Windows 10, 8.1 and 7 Users Endangered: How to Avoid the Latest Threat
Experienced Windows users know: there is rarely a month without a new breach or vulnerability found, and new security update rolled out on the issue. Lately, these warnings became so common that few take it seriously. And this generates another danger, the one of warning fatigue – the story of the boy cry wolf retold.
Well, the warnings are routine, but still should be taken seriously, like bomb warnings in anonymous calls. There has been an update that damaged Windows Defender in Windows 10. Not long before that Microsoft warned about an exploit that worms could use. It will be a long list, so let’s go back to today, as this time the wolf seems to really come. That is, the vulnerability recognized and confirmed by Microsoft is really serious. But still, not hopeless if you care.
The Zero-Day Vulnerability
What we have today is both good news and bad news. At least, Microsoft admits there is a problem and does something to fix it. But what’s the problem? And what can a regular user do about it?
Let’s start with the good news. There is a fix that covers the hole and removes the vulnerability. It was rolled out by Microsoft Security Response Center recently, and it’s solid enough to never bother about this particular threat again.
The bad news may seem nothing bad for experience users, but those not so familiar with the system can be perplexed, and it’s understood. Because the malware may already use the vulnerability and lock automatic update installs (or at least interfere with it to provide its own security), the update needs to be installed manually. Bet you haven’t done that for long, in our cloud-based antivirus era. The installer, though, is easy to find in the Microsoft Update Catalog and download from there, and then run.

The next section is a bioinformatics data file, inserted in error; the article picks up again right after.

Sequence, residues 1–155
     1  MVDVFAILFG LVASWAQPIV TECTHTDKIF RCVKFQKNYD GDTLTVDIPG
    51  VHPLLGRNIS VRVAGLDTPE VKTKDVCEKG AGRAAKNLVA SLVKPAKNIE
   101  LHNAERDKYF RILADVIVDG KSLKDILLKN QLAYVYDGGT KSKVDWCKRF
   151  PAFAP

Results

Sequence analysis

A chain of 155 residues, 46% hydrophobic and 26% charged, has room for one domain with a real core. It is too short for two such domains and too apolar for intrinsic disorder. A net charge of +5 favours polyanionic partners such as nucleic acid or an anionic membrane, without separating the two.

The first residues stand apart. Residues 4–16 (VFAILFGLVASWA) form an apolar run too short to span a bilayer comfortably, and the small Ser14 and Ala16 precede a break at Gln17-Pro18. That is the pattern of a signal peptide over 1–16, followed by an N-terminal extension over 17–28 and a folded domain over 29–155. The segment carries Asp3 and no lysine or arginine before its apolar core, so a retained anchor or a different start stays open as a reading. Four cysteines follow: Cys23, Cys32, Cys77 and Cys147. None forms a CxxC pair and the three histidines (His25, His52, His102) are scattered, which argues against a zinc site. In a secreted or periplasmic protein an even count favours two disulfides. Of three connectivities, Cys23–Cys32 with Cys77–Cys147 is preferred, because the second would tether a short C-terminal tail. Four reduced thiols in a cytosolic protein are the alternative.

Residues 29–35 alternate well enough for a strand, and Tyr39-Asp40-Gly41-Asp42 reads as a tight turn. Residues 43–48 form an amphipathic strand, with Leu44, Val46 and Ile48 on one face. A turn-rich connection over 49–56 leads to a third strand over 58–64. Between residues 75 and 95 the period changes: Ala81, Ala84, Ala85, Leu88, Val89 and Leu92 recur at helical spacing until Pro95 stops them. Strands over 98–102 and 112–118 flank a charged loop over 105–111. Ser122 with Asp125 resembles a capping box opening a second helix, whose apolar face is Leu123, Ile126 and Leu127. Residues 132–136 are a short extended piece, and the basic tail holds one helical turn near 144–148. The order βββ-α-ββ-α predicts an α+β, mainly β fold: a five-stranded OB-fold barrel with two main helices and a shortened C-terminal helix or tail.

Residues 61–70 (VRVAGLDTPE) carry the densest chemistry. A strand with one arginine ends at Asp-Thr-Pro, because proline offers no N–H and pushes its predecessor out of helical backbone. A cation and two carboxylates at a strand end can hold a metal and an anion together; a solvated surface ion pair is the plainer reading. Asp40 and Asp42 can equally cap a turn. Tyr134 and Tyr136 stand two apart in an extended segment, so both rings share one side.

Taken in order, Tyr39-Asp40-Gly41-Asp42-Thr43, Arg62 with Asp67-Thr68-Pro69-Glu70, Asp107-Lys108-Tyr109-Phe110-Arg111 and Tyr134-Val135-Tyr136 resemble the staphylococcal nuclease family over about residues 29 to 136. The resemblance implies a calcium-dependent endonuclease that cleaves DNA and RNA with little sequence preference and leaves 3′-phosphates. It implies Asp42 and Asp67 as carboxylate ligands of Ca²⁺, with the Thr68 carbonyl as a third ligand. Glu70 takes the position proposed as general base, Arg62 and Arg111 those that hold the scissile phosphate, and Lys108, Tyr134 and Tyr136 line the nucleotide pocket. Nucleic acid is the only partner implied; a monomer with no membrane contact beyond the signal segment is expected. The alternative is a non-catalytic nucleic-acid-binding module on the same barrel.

Rolled out before the scheduled October update, this security patch is meant just to protect you from this threat. Run it manually, and the installer will guide you through the rest of the process. And remember to download it only from the official Microsoft resources.
It is also highly recommended to use Enhanced Security Configuration mode for Internet Explorer on Windows Server 2008/12/19 if you use this combination. This mode reduces the risk of the exploit being used against your privacy.
Details You May Find Excessive
What most of us need to know is that there is a potential sickness for your computer, and there is a pill you have to swallow to protect yourself (all of it digital, of course). But here is some information for those who need to know it because of technical interest or another sort of curiosity.
The vulnerability’s codename is CVE-2019-1367, and it is a “scripting engine memory corruption vulnerability”. This vulnerability could be used by cyber villains this way: they create a site with a certain script and send you a link to it. As you enter the site in your Internet Explorer, the script works, the memory corruption makes your data vulnerable, and the attacker can run arbitrary code on your PC. That means that, if your account is an administrator one, the villain can take over your computer completely. For example, they can remotely install malware, copy or delete your files, and even manage accounts, deleting some and creating others. There are some cases reported already, and we wish you don’t count in.
When it comes to scripts, there must be the software vulnerable to certain scripts, and this time it’s Internet Explorer 9 (it’s still alive on Windows Server 2008), 10 (on its successor, Windows Server 2012) and 11 (on any home version from 7 to 10, and on Server 2008/12/19).
No, it doesn’t mean you are safe on Chrome or Firefox. Internet Explorer is more than a browser: it’s an integral part of Windows, and its engine is home for many other apps you surely use as you run Windows. It adds much more to your safety if you don’t visit rogue sites at all, or at least check them with an anti-phishing service.
To install the updates as soon as you see them. Build your houses of bricks. And never let things go if there is a danger sign. Stay safe.